Mindfreak magician Criss Angel knows that every time he tackles the stunts and illusions for his top-rated A&E series, he risks danger, yet he constantly attempts more and more death-defying challenges. While taping Season 6, which begins airing Aug. 4, he pushed the experiences so far that one stunt nearly ended his life.
During a long interview at his new home Serenity, Angel talked candidly about the six new one-hour Mindfreak episodes, their highlights and if the series will continue after this year.
"We're done shooting it and are now in the process of editing it. I'm dealing with that on a daily basis now while still doing the two Believe shows nightly. Fortunately with today's technology, I don't have to be in California to do it. Believe is now on its long-planned two-week hiatus, and I have a theater upstairs with all the editing equipment hooked up. So I can actually edit right from my home. I communicate with my editors in real time in Los Angeles. It's wonderful because I have the luxury of being here. I have offices set up here, and I have my 30,000-square-foot headquarters warehouse six minutes from the Luxor where we manufacture everything for the live performances and the TV shows.
"We did the same 12 half-hours of content for this new season, but they will run this time as six one-hour specials. I thought I only had the time to do five, but the network wanted six and so we have produced those now. The only thing is this time around, I can't start out with a new live daredevil act because of the logistics of being live at Believe nightly. The logistics of the live Believe show made that problematic. But we have a lot of really wonderful episodes this season. I'm very proud of it. It's a season that really challenges us artistically and raises the bar for what I wanted.
"Walking up the side of the wall of the Luxor took me almost 13-plus minutes! I think it's a 39-degree angle. What's so challenging now compared to what magicians have done in the past is that technology with cameras, videos and computers is so accessible, I can't control the environment. I had people 360 degrees around me. People from other hotels were above me. People inside their Luxor rooms watched me, videotaped it and took photos of it. It all makes it a lot more challenging now than it was for magicians in the past, and more so for me now because people know who I am now, whereas in the first season of Mindfreak, nobody knew who I was, so I was able to do stuff under the radar."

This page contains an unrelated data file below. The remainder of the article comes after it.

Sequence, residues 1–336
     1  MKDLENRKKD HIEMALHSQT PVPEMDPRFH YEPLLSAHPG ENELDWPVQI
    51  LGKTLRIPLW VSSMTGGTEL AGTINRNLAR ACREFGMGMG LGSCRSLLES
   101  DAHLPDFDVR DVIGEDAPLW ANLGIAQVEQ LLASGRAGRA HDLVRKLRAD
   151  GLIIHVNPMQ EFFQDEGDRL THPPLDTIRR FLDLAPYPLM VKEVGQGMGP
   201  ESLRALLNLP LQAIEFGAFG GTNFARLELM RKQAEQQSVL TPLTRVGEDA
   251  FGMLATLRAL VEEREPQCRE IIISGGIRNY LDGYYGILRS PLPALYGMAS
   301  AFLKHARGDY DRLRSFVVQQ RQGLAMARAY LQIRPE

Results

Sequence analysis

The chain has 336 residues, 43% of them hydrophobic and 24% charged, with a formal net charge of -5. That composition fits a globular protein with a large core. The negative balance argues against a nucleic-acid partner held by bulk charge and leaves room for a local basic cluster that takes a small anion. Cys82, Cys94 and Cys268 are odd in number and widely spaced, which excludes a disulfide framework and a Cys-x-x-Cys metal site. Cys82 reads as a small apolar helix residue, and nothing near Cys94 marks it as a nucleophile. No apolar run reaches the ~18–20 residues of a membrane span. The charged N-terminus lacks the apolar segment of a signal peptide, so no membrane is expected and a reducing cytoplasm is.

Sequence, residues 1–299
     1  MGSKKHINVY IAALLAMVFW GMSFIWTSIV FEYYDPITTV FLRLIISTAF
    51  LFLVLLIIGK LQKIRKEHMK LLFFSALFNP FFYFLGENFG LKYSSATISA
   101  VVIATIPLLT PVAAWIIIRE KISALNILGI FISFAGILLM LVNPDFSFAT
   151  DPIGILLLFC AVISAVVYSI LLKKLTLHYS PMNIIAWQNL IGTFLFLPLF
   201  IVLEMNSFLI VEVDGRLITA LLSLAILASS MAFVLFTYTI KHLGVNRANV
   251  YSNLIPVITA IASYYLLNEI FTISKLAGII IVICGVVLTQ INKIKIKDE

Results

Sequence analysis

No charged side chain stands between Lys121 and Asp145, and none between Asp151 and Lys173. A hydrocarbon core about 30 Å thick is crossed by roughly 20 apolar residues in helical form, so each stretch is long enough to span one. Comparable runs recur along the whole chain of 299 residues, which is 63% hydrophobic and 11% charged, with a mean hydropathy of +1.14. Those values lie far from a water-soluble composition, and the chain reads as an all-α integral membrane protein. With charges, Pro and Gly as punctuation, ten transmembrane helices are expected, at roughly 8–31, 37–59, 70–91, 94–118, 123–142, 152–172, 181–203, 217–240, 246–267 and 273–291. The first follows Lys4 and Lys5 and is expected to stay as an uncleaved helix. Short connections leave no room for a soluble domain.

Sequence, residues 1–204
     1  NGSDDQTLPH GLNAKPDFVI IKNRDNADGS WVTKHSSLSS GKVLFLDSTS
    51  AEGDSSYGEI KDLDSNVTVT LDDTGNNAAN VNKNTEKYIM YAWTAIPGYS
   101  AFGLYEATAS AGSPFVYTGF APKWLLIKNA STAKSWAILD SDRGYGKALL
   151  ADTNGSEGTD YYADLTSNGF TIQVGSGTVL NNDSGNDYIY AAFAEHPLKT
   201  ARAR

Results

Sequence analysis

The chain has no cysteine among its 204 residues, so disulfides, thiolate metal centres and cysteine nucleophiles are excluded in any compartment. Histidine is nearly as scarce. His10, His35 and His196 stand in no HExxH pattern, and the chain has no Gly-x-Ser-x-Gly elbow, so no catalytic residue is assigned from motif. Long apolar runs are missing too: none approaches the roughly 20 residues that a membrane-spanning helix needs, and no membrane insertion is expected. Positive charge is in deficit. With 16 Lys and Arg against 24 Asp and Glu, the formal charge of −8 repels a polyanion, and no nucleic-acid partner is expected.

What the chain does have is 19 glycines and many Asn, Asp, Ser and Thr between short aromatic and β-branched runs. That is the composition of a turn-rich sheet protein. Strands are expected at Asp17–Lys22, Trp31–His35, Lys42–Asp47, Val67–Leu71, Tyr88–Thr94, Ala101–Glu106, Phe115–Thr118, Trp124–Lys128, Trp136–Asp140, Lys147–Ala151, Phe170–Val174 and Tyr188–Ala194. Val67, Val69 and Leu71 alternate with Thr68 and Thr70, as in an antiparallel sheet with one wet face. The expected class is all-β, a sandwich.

Angel gives credit to his dream team this season for pulling off the latest illusions.
"All the hour specials are filled with extraordinary highlights thanks to a wonderful team that I was able to assemble. I call it the dream team because they really were. I pulled people that I had relationships with since my teen years in the art of magic and escape. They had a lot of wisdom and experience as performers and creators. Not only did we have an amazing time creating this season's illusions, but also I think artistically it's going to speak beyond all the previous seasons.
"In addition to walking up the side of the Luxor right on the Strip, we went to Lake Havasu in front of 12,000-plus people to perform a kind of perverted version of Houdini's bridge jump. My body was completely restrained in 21-plus padlocks, chains, handcuffs and shackles, and I had to escape from all of them underwater — or drown. This season, I'm also going to attempt to get into the Guinness Book of World Records by making the most amount of people vanish at one time under test conditions put together by Guinness executives.
"I can't tell you what happens because you're just going to have watch it. But I took on the challenge of attempting to vanish 100 people all at once!
"Evel Knievel was my inspiration to the jump we filmed at the Grand Canyon. We set up a 20-foot high by 60-foot ramp. I had a three-wheeled T-Rex hybrid motorcycle and car that was specially designed for me capable of taking off 0 to 60 in 4 seconds. Basically, I started from point A, built up enough speed to hit the jump, and then while I'm in the process of taking off, a helicopter hovers 4,200 feet above the Grand Canyon west floor, and it has a jail cell cage wired to the bottom of it. It's completely empty. You can see through it the entire time in one continuous shot. On the T-Rex, I need to go from point A to point B, somehow vanish and end up inside the cage while it's hanging over the canyon.